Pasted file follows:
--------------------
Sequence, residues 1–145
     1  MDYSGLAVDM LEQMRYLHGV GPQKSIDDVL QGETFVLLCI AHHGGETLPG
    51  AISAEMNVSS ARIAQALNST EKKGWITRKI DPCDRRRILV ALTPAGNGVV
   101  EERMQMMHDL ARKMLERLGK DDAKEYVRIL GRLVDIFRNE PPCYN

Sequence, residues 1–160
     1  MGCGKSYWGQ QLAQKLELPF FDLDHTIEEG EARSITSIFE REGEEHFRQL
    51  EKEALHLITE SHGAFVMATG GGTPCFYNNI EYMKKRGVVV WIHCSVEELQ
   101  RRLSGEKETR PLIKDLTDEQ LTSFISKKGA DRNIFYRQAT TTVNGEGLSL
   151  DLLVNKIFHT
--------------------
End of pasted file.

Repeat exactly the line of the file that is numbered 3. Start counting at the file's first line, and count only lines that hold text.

    51  AISAEMNVSS ARIAQALNST EKKGWITRKI DPCDRRRILV ALTPAGNGVV